Our Score: 8.5/10
Oddworld: Soulstorm Enhanced Edition continues Abe’s journey from the original game. As he and his supporters flee the now-burned Rupture Farms. For a brief period, all is calm, until fate intervenes and Abe’s hideout, both literally and symbolically, is lit up. The game gives the player one goal, similar to our previous entry: get out alive and save your people from corporate murderers.
After the turmoil ensues and Abe is separated from his pals, he must flee Rupture Farms’ proprietor, Glukkon Mullock, who is seeking vengeance. The first few levels are primarily about avoiding nasty enemies. While learning the controls and aspects of the item and crafting systems. The game throws you into the deep end right away, occasionally providing tips but eventually forcing you to learn by trial and error.
Return to Abe
The first eight or so missions in Soulstorm are exclusive to this installment of the franchise. Slig Barracks, Necrum Mines, FeeCo Depot, and Soulstorm Brewery, which fans may remember from the original 1990s version, are not accessible until late in the game. They’re also in a different order than the originals. The original’s Scrab and Paramite levels have been removed. That’s a shame because the early missions take a while to get used to. However, once it does, Soulstorm is a formidable foe.
When you play as Abe, you’ll be wandering through perilous paths with mines all everywhere and trigger-happy Sligs waiting to gib you. The gameplay in Soulstorm takes place on a 2.5D plane, though the makers refer to it as a 2.9D plane. Consider it a sidescrolling game with periodic perspective shifts when the game wants to show you something. And each level will have the same goal: completing it as quickly as possible while avoiding death and safeguarding the safety of as many of your Mudokon followers as possible. The type of Quarma you get at the conclusion of a level, as well as the ending you get, is determined by how many you save. So there’s a lot of pressure on your shoulders.
Survival of the Fittest in Oddworld: Soulstorm
Abe is weak and can be killed quite easily. You have weapons at your disposal to get past these little freaks, such as mind control and gunning down their comrades, or stunning them. The game also takes into account how many enemies die as a result of your actions, which can harm your Quarma, so murdering indiscriminately isn’t a good idea. You won’t be able to slip past every Slig, but even if you save enough Mudokon, you shouldn’t be killing them all. You can expect to die frequently, but thankfully there are many checkpoints to swiftly reset you. The player can give Mudokon followers some crafted items and toggle between aggro and passive. This opens up new solutions to complete a task safely. Be careful though, because this puts your followers in direct harms way and can lead to unnecessary deaths.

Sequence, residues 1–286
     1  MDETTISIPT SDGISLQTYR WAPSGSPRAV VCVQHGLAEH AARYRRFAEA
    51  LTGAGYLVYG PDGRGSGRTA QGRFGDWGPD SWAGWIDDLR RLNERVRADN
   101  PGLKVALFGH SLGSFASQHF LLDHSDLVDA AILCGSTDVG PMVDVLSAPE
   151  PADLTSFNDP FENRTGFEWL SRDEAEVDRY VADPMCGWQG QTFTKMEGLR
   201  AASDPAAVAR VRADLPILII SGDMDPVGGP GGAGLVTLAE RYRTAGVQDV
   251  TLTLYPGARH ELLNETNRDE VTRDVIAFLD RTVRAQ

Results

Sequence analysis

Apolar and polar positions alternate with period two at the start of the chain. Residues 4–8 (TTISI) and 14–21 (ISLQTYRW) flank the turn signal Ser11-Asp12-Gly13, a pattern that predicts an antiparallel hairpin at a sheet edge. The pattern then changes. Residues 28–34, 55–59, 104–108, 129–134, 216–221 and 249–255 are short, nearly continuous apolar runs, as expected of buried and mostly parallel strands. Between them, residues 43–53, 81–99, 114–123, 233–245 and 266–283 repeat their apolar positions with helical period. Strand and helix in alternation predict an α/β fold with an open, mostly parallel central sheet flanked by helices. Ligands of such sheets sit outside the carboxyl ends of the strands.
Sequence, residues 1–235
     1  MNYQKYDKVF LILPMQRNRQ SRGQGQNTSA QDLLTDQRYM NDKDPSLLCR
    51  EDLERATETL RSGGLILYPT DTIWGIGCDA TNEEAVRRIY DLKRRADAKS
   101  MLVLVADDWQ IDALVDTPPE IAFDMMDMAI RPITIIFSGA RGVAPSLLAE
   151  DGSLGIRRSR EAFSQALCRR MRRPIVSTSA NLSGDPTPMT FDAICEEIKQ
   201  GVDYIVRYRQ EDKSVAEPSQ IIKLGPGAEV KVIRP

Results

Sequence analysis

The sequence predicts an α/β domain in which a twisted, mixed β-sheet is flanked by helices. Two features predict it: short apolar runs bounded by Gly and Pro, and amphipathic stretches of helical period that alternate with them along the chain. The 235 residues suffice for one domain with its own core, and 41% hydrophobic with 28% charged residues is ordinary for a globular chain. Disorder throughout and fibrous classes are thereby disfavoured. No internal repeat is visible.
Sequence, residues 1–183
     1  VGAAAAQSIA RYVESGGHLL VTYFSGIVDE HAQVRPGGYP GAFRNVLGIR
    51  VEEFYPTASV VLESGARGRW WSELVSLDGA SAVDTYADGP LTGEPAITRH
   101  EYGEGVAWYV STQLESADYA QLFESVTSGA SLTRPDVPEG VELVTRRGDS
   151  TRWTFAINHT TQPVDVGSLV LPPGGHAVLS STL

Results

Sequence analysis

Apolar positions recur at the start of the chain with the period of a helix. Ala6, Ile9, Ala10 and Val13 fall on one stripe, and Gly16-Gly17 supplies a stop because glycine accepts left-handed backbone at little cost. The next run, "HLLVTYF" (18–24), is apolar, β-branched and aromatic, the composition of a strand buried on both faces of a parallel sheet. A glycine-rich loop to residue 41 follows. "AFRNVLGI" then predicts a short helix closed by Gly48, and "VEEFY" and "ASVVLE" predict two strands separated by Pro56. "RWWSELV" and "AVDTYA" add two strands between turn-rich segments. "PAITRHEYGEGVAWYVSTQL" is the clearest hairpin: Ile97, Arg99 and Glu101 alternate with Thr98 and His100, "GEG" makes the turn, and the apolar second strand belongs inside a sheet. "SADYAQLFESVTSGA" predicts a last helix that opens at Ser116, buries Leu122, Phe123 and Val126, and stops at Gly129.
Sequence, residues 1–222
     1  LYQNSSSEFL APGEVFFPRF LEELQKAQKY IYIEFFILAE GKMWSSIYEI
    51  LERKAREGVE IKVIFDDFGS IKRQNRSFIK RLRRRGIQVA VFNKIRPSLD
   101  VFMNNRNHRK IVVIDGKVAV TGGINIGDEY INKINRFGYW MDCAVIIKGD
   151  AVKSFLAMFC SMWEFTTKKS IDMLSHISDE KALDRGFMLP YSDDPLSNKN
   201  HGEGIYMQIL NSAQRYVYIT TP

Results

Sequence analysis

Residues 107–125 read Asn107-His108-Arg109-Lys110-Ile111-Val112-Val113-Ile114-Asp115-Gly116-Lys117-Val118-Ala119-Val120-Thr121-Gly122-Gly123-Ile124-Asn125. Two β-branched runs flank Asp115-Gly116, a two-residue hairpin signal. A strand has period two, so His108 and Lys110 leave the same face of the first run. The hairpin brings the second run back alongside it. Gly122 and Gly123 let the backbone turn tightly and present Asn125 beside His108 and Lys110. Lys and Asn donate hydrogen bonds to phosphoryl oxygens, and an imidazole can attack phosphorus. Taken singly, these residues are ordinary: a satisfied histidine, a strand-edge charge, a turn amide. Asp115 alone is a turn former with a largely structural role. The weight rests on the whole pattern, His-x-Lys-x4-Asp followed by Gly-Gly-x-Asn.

Oddworld: Soulstorm can be proud of many things. Its graphics is one of them. No game quite nails the 2.5D style as Oddworld has. The originals used clever CG cuts to bring the backgrounds to life and downscaled a lot of the layouts and characters in order to make use of the background elements. Hardware limitations meant that there couldn’t be too much on-screen at one time, so levels were cut into many smaller pieces in order for the game to play as it was intended. Soulstorm is a whole other kettle of fish though.
The cutscenes in Soulstorm are particularly impressive in terms of visuals. Character designs that have been updated have a lot more articulation. Sligs, with their strange mouths, are now expressing themselves more through gestures and body language. Because Glukkons lack arms, they must communicate with their faces. In Mulloks’ case, you can see how he seethes every time Abe escapes through his facial expressions.
Abe can now double leap and has a lot more control in the air. When the level design isn’t attempting to kill me, it’s wonderfully intuitive.
Oddworld: Soulstorm Enhanced Edition – Final Verdict
Oddworld: Soulstorm Enhanced Edition’s new challenge mode is great for fans of the series. The level design and freedom of mobility are also noteworthy. It’s an absolute no-brainer for both fans and newcomers, and the visuals are just really good.